He is my advocate, He gives rest to my restless soul, He loves even during hard times, He is always available, and He can totally relate to me in everything. He is my Friend.
If I want to overcome ministry loneliness, I need to remember and mentally alert myself to these truths. My friendship with Jesus Christ is the foundation for how I overcome ministry loneliness. If I, as a Christian in vocational ministry, don’t remember that Jesus is my Friend, then I’m a total idiot.
When it comes to overcoming ministry loneliness, I understand that we need others as well. While I would never say that Jesus alone is not enough for friendship, I do affirm what God said to Adam when He created him, “it is not good for man to be alone” (Genesis 2:18).
We need friends–human ones we can touch, talk to, hear from, receive encouragement, feedback and accountability. Oh how we await that Day when we will be with Him our Perfect Friend forever.
Look at this LifeWay Research graphic. You’ll see that 55% of pastors polled are favorable to this idea that “Pastoral ministry makes me feel lonely at times.”
Yes, pastors need friends.
A valued social connection is priceless, and a natural desire.
How to Find Friends as a Pastor
Here are some ideas for finding those people that are vital for your well-being as a Pastor seeking to overcome ministry loneliness.
1. Attitude is everything. Attracting others depends on you, and not just your looks. A smiling person who laughs a lot draws admirers and friends.
2. Take initiative to get out of the house (or the office). Keep your hook in the water, so to speak. Meet with church members you respect and try to talk about life other than ministry “business.”
3. Involve yourself in a community that promotes areas of interest or passion. We all know church isn’t always the easiest place for its leaders to find friends. Go to the gym, Trail Life USA, sports clubs, investor’s groups, or some other organization in the community where people of similar interests congregate. You can always go to Meetup.com for ideas.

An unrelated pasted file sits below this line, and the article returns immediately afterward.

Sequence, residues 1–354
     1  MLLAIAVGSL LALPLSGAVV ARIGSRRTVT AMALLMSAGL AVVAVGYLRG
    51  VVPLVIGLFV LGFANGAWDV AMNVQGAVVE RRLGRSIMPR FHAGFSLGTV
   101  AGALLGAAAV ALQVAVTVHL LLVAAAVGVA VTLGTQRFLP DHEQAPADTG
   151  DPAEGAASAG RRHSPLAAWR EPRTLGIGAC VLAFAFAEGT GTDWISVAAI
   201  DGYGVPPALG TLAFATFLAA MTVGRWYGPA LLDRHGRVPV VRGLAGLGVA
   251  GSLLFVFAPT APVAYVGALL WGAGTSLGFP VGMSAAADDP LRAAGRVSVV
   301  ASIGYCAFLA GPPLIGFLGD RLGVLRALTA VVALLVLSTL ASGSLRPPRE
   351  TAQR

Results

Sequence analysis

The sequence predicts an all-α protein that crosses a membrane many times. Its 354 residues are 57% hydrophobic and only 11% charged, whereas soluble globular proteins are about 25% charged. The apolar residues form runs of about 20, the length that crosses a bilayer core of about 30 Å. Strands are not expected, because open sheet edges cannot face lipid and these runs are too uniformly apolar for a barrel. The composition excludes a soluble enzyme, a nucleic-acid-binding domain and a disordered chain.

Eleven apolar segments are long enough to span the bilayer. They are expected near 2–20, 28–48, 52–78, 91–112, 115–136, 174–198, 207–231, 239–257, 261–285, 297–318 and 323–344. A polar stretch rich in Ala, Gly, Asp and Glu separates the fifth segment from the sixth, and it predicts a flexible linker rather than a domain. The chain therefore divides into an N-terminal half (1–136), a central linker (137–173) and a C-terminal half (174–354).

4. Brush up on your communication skills. Brian Tracy has a great program on developing this called “Effective Communication.” Try it! You may simply need to brush up on social skills. Many of us Type-A men leaders have a hard time talking about lighter subjects than Dispensationalism or defending Creationism to agnostics.
Learning to Engage in Friendship
Learning how to overcome ministry loneliness is an art where you will have to learn how to be a friend. We need friends. One consequence of loneliness is that a person becomes more sensitive to, and will be on the lookout for rejection and hostile encounters. We become guarded and wary in social settings, which inhibits building new friendships.
Try to be positive in your assumptions about others that you don’t yet know.
Be patient and consistent in dealing with your unmet social expectations. Balancing individual strength with the value of relationships is a war waged for a lifetime.
Overcoming ministry loneliness is something we all strive for. We exist for you. Remember Jesus is your Friend.
Come to the campfire. Sit. Listen. Engage. Encourage. We need each other, my friend!